It’s time to come clean on deer stand issue

We are compelled yet again to address Terrebonne Parish Recreation District 2-3, in regard to a deer stand that was on property owned by Terrebonne Parish and leased by the district.

Parish President Gordon Dove has acknowledged that during a recent inquiry he made the recreation district’s chairman, Gary Beeson, acknowledged that the deer stand was his. Beeson, Dove said, denied using it for hunting, and said he had been using it to take photographs.

The stand, located between Houma’s “The Lakes” neighborhoods and Valhi Boulevard, has since been taken down.

A reporter who had been looking into the deer stand matter — after learning that parish officials were made aware of it, contacted Beeson. Beeson hung up the phone and did not return subsequent phone calls.

A public records request for photographs taken from the deer stand on the Recreation District property by its chairman is pending and thus far has received no reply.

So what’s the big deal?

It’s bigger than you think.

But a few preliminary statements are in order here. Work on the Bayou County Sports Complex, which is a project the land involving the deer stand is part of, is seeing noticeable progress. As Gordon Dove has promised, construction is moving forward. Dove should also be commended for his candor in discussing his talk with Gary Beeson. The transparency is welcome.

But now to the question of the deer stand and its importance.

Leases for deer hunting cost a lot of money.

Although area hunters have questioned why anyone would hunt in that particular area, the issue must be seen in context. Months of delays in the construction of the sports park, the foot-dragging that has resulted in no suitable area for soccer play within its confines, and issues concerning time for construction regarding baseball fields, are exacerbated when there is a suggestion that the district’s chairman is recreating on the publicly owned land.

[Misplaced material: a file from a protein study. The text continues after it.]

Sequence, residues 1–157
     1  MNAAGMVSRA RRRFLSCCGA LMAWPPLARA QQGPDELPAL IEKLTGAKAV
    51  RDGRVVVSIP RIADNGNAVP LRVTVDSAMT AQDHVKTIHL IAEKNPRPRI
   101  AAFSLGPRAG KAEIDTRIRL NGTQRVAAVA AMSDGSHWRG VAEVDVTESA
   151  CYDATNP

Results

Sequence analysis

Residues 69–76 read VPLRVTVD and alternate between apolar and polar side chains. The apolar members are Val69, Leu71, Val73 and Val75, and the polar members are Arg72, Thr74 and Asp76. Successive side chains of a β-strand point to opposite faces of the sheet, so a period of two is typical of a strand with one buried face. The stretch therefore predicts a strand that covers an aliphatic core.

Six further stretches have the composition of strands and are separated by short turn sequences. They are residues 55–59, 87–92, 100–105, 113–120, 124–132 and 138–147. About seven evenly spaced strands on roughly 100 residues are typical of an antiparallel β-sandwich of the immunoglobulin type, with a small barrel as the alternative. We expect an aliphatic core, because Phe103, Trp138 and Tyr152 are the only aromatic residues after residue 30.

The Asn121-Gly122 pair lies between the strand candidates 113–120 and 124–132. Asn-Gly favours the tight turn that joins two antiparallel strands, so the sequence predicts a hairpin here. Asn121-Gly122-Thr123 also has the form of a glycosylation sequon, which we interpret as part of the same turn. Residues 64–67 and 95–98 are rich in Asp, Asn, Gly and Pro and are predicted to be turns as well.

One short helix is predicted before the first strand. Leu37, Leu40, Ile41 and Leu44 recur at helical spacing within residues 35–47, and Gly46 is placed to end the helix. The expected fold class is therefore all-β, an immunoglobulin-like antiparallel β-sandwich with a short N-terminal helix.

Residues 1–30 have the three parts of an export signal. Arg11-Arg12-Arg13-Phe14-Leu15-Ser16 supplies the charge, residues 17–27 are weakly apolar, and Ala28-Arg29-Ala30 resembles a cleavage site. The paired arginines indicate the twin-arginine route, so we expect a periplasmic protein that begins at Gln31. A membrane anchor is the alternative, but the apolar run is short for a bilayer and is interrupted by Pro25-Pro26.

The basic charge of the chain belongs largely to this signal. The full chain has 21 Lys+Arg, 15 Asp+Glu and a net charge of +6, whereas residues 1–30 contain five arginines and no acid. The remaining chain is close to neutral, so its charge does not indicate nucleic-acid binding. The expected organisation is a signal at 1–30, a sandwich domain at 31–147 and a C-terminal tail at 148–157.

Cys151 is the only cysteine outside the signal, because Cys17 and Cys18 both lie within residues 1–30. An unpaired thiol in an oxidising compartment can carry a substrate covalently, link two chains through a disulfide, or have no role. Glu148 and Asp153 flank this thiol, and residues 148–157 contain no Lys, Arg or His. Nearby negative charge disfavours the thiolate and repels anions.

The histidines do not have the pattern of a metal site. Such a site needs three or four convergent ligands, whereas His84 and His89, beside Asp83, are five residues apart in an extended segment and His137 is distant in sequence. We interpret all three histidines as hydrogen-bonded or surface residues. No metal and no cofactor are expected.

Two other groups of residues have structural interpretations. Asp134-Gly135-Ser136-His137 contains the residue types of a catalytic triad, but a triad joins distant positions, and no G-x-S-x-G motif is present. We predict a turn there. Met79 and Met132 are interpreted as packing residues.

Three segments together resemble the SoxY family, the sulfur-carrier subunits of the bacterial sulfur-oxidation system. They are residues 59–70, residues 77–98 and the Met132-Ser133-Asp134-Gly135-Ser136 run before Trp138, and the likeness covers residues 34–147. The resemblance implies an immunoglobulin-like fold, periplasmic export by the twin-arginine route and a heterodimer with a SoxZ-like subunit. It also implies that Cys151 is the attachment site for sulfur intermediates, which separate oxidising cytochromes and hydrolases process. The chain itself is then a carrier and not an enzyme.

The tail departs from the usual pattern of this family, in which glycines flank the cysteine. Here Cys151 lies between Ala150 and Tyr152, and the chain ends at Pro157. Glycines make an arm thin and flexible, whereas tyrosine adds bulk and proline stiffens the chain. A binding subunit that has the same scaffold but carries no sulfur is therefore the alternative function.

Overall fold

Additionally, fields in the area of the stand appeared to have been tended to. Another question the district has not answered is one asking who mowed the fields and when.

A public records request is outstanding as to that.

Mr. Beeson, ironically, just took on the role of custodian of records for the district.

None of this would be of as much significance, either, if not for the district’s history of violating open meetings laws. Despite the scrutiny this board has been under, it has failed to take a simple step forward that many public entities in Terrebonne and elsewhere do, which is to hire an attorney.

Instead the board members have grappled with legal questions in public at their meetings.

We are not in a position to suggest that Mr. Beeson did or did not violate any laws regarding his deer stand. We can say with confidence that it is not flattering in its appearance.

If there was anything good about keeping a deer stand on public property we fail to see why, after being reported, it was so quickly and easily taken down.

We challenge members of the Terrebonne Parish Council, who have authority over the recreation districts, to publicly question Mr. Beeson about his deer stand.

There are other things about the way District 2-3 is run that they may have questions about as well.

The problems surrounding District 2-3 have made life difficult for members of other such boards, by making them look troubled by extension. Here is an opportunity for that to be remedied.

We would recommend that Mr. Beeson himself ask for time at the next parish council meeting to tell his own story of the deer stand, how it got there, how it was used, and finally, why it was taken down.

A little bit of transparency goes a long way. And some transparency from Mr. Beeson would do the parish some good.

A true telling of the deer stand story would seem a good place to start.